Unfortunately, there are several reasons that people might choose to take alcohol and Xanax together. As mentioned above, some people don’t realize there are risks when taking prescription medications with alcohol. Even more, there are those who abuse alcohol and Xanax together specifically for the enhanced response, either as a way to self-treat symptoms or enhance the action of the Xanax, or as a way to get high. Either of these is considered polydrug abuse.
There are ways to recognize when someone is abusing Xanax and alcohol together, including:
- Pills being used faster than expected
- Missing or stolen pills
- Severe impairment of motor function, breathing, or response to stimuli
- Memory loss or blackouts
In addition, a person abusing these substances together may show signs of addiction that include:
- Being unable to stop or control use of alcohol while using Xanax, or vice versa
- Conflict with loved ones over using the medication and still drinking
- Fixation on getting and using pills and alcohol, and excessive time spent recovering
- Withdrawal symptoms when the substances are decreased or stopped
- Cravings for both substances
The more symptoms the person shows, the greater the risk of abuse or addiction to one or both substances.
Withdrawal from Xanax and Alcohol
One important risk of both Xanax and alcohol is withdrawal. For a person who has been abusing large quantities of either substance, there are severe risks that go along with stopping use. These risks can be complicated when the individual is taking both medications. Withdrawal syndromes for both substances can include:
Many of these symptoms can be severe enough to cause injury or death. As a result, for an individual abusing these substances separately or together, it is vital to work with an experienced professional who understands and knows how to manage withdrawal risks.
Legitimate Prescriptions and Alcohol
A study from Radars Systems indicates that people often have a perception that prescription drugs are safer than illicit drugs. It is important to note that just because a doctor has prescribed a medication doesn’t mean that the medication doesn’t have some risks. Mixing medications and alcohol is generally discouraged for this reason. Even if the medication doesn’t have a warning label about using it with alcohol, caution should be exercised, and the individual should ask the prescribing doctor about the risks before attempting to use alcohol.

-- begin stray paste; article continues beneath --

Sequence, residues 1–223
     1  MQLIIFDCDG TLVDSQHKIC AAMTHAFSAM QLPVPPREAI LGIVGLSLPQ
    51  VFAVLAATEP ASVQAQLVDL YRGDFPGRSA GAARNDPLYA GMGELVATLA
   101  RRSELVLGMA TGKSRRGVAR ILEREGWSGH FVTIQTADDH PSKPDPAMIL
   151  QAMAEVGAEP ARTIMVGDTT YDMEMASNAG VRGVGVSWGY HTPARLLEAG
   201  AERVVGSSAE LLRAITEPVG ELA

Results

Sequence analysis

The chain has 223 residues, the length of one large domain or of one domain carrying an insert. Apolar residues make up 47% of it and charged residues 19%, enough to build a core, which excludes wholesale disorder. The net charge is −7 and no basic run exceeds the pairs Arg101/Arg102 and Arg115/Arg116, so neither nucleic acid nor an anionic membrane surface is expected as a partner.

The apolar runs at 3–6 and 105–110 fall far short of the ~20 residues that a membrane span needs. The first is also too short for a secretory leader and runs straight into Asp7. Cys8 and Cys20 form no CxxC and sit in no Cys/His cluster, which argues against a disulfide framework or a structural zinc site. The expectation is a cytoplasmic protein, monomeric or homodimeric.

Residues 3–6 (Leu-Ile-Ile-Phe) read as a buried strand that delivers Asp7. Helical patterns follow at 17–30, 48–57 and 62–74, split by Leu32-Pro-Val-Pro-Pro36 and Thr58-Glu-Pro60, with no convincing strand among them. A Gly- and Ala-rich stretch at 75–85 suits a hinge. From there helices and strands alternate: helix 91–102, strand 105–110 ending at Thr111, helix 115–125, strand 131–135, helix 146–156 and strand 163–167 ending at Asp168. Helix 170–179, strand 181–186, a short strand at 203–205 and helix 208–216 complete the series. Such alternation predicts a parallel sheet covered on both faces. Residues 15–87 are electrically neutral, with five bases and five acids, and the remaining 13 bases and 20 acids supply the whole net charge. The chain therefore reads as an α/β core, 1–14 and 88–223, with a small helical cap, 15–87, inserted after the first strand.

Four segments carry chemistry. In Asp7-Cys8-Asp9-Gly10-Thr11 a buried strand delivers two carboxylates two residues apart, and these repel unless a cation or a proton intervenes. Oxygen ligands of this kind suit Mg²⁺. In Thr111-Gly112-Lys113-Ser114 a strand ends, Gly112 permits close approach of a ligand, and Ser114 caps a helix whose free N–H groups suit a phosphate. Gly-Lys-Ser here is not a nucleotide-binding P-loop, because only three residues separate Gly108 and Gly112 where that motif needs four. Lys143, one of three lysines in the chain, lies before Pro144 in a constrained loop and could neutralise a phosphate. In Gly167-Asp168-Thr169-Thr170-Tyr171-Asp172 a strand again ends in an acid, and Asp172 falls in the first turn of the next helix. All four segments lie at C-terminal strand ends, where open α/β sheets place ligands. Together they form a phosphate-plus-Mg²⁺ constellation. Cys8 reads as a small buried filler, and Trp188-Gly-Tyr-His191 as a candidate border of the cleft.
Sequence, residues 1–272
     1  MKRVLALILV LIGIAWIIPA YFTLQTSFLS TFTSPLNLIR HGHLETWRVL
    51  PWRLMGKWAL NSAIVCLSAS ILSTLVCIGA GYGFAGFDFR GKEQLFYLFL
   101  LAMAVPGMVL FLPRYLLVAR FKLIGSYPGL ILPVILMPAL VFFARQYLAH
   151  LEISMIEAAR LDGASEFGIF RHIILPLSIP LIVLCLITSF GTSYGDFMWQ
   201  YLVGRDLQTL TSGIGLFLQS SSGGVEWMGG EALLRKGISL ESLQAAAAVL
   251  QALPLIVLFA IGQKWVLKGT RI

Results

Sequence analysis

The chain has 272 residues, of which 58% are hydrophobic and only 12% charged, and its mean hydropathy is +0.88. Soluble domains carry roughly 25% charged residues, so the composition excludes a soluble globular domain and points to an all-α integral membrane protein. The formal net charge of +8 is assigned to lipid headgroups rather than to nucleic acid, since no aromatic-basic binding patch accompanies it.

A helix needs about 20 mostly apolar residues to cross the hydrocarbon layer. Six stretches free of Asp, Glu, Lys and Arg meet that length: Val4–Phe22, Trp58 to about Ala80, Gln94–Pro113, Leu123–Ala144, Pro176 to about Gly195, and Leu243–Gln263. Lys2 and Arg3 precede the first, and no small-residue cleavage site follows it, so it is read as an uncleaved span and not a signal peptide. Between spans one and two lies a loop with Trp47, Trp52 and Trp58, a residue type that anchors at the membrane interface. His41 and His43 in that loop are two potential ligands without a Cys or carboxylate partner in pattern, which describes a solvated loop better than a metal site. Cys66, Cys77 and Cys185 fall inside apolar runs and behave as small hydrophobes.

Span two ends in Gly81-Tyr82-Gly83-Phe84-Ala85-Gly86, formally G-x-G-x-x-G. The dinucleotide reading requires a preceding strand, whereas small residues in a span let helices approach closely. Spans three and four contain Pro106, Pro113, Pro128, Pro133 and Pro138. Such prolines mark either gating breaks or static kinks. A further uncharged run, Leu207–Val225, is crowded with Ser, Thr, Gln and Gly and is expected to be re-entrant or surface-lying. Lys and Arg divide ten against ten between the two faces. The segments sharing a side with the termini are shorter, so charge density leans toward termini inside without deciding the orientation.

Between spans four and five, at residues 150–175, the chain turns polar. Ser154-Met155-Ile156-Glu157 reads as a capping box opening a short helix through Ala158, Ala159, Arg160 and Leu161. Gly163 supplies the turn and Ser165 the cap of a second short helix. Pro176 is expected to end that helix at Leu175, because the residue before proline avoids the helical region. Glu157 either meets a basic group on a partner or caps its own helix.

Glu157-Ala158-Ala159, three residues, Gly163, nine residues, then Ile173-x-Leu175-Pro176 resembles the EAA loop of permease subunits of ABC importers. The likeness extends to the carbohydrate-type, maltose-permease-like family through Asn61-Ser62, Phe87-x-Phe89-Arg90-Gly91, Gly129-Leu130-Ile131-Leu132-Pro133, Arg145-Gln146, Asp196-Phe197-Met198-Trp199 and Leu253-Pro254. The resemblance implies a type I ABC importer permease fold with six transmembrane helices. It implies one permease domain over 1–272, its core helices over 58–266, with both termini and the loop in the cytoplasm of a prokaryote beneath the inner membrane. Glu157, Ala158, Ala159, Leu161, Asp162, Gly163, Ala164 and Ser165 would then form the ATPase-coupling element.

The doctor should also be aware of a person’s alcohol use before prescribing Xanax. If the person already demonstrates signs of existing or potential addiction to alcohol or otherwise, it is risky to prescribe Xanax to begin with. Xanax itself is highly addictive, especially with regular use for chronic conditions.
What to Do for Xanax and Alcohol Abuse
When polydrug abuse involving Xanax and alcohol is suspected, it is important to get help to reduce the risk of overdose and other effects of using these substances together. One path that demonstrates a solid ability to help people recover from Xanax and alcohol abuse is to find an addiction treatment center that is experienced in treating polydrug abuse. Professionals in these programs understand the challenges of helping clients abstain from both substances, considering the various triggers and life circumstances that may have led to this polydrug abuse to begin with.
These treatment programs can help the individual through:
- Access to safe detox that minimizes dangerous withdrawal symptoms
- Personal and group therapy
- Family therapy
- Peer or 12-Step support for motivation and encouragement
- Nutrition and exercise to help regulate brain chemistry and mood
- Understanding triggers and how to avoid them
With research-based, experienced support, the individual has a better chance of safely stopping use of both substances and completing treatment, making it more likely that the person will have a future without dangerous polydrug use involving alcohol and Xanax.